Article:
a.     Significance, Digital Assets Are Widespread. Many if not most individuals have multiple computers, cell phones, iPads, iPods, Nooks or Kindles, and are on Facebook (and perhaps LinkedIn or Twitter), have a Netflix account, have thousands of digital pictures, multiple email addresses.  Some assets may be stored in the Cloud. There are various online accounts, including stock accounts, bank accounts, airline travel accounts, and participation in various reward programs. The individual may own websites. There can be a PayPal account with value in it.
b.     Challenges. The first challenge is finding the person’s valuable or significant digital property. The second challenge is that these accounts, records, and digital property may be protected by passwords and encryption. The third challenge is that federal and state criminal and data privacy laws may be significant obstacles to reaching digital property. (The privacy laws require that the user consent; consent by the fiduciary on behalf of a decedent is not sufficient. Even with consent, disclosure is voluntary and many providers will not release information to anyone other than the registered account holder.)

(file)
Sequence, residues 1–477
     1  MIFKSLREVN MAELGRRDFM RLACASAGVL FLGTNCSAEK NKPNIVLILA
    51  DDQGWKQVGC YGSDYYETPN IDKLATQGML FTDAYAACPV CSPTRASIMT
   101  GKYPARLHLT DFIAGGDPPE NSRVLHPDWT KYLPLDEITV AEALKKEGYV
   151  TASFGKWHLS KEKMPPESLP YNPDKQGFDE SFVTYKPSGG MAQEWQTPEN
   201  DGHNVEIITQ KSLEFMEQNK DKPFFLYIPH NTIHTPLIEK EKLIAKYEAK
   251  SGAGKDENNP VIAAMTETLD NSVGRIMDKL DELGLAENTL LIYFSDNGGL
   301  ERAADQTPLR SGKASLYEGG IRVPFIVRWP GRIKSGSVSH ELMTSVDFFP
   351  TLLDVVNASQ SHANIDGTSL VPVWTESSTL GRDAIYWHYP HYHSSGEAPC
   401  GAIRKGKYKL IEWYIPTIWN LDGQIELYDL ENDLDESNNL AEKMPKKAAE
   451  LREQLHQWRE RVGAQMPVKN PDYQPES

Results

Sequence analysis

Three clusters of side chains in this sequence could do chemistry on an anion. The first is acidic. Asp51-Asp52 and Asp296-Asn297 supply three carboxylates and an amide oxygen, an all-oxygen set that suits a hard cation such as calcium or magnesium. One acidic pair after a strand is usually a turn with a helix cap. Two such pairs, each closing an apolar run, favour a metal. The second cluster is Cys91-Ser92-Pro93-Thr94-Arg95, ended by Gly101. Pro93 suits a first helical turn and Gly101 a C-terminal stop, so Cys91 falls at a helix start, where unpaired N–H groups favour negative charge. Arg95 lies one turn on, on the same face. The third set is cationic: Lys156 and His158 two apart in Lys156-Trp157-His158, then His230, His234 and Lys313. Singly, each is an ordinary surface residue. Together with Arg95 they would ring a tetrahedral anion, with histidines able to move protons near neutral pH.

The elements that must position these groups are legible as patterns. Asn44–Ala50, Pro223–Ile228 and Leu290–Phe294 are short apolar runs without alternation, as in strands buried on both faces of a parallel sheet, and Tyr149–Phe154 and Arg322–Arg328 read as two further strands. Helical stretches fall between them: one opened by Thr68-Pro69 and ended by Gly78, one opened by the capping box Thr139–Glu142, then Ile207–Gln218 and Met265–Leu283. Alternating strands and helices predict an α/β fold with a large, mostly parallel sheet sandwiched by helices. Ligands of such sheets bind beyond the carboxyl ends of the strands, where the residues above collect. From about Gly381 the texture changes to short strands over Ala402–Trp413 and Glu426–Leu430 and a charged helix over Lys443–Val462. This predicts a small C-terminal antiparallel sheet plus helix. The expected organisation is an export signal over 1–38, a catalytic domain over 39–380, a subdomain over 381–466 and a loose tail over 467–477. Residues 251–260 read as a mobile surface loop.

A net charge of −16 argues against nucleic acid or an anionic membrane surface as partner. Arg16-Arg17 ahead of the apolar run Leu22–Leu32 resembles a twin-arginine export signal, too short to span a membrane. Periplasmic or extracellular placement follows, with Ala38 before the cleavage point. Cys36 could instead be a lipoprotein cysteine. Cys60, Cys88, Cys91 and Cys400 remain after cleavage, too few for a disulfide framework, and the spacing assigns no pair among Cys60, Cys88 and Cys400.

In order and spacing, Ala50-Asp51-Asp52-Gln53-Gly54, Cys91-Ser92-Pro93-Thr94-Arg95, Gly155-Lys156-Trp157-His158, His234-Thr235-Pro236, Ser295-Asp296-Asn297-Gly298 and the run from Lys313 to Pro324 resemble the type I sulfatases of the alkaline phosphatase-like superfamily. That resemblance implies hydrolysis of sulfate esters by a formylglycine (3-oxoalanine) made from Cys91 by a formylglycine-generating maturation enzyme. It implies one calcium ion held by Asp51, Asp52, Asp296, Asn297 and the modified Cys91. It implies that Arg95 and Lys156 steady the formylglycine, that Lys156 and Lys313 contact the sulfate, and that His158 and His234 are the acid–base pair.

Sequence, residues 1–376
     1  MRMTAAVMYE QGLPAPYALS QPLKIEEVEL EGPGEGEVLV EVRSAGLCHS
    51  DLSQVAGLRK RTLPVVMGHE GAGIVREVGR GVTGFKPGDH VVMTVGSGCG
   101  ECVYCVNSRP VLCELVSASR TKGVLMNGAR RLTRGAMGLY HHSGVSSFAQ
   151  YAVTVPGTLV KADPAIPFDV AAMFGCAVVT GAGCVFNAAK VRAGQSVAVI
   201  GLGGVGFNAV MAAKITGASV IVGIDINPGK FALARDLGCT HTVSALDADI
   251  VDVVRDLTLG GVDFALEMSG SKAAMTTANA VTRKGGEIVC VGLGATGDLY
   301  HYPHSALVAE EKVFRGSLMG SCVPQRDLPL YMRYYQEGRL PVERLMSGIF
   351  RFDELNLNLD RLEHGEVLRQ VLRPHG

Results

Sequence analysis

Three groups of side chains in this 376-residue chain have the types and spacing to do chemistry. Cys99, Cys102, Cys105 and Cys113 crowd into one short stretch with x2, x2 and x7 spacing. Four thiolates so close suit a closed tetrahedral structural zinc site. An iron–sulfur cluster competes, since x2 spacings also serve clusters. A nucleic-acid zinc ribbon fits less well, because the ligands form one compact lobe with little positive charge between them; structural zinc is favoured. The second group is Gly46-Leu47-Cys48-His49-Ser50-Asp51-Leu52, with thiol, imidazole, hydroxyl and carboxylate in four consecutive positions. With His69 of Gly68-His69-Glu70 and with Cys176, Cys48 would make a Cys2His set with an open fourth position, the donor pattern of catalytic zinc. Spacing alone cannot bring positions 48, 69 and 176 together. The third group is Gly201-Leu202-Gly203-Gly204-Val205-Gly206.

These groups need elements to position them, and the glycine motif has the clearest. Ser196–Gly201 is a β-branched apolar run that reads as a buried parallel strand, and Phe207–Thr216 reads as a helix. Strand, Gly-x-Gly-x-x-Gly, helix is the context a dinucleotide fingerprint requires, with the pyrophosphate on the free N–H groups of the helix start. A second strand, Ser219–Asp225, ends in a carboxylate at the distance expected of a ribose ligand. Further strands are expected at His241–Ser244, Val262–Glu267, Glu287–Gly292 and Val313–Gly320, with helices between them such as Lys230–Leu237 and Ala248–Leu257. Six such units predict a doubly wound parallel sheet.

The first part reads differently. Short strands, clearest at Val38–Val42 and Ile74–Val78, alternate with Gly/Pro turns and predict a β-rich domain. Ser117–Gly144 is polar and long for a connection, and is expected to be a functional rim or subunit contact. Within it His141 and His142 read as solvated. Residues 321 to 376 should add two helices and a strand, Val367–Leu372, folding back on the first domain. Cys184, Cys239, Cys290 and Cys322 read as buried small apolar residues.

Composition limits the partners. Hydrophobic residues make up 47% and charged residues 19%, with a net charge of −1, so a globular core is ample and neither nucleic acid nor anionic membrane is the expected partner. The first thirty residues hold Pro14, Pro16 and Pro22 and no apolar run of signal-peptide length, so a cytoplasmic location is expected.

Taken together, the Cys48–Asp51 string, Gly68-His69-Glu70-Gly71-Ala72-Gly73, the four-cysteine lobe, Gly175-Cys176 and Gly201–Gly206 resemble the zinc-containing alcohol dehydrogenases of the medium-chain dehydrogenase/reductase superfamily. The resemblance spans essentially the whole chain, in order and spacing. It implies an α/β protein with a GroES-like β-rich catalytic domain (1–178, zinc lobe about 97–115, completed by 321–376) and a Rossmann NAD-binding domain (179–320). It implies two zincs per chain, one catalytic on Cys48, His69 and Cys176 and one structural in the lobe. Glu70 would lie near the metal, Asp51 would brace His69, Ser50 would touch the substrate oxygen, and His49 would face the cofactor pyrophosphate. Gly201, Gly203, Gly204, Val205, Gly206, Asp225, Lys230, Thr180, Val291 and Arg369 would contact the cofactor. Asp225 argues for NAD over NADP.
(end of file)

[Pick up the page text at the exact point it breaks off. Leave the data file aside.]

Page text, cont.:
c.     Identification; Inventory of Digital Assets. This information is vital for the family and vital for the executor to be able to correctly handle these assets. Everyone with digital assets would greatly assist their families and executors by preparing an inventory of digital assets and their related information to serve as a roadmap to those assets. The helpful list of digital assets and accounts would include for each such asset or account: the physical location, digital location, information contained, user name, password, beneficiary (if any) and any helpful instructions.
Where should it be kept? One alternative is to keep a hard copy with the will (obviously not in it) or with other important papers. Another alternative is to leave such a list on a commercial platform. An industry has developed to help people handle their digital assets. Services such as Legacy Locker, AssetLock, Dead Man’s Switch, Entrustet or others will store a digital inventory and will take pre-agreed actions at the owner’s death.
Jim Lamm suggests doing a digital fire drill. Specifically ask the client to think about appropriate steps concerning his digital life if his computer were stolen, if he became incompetent, and if he died.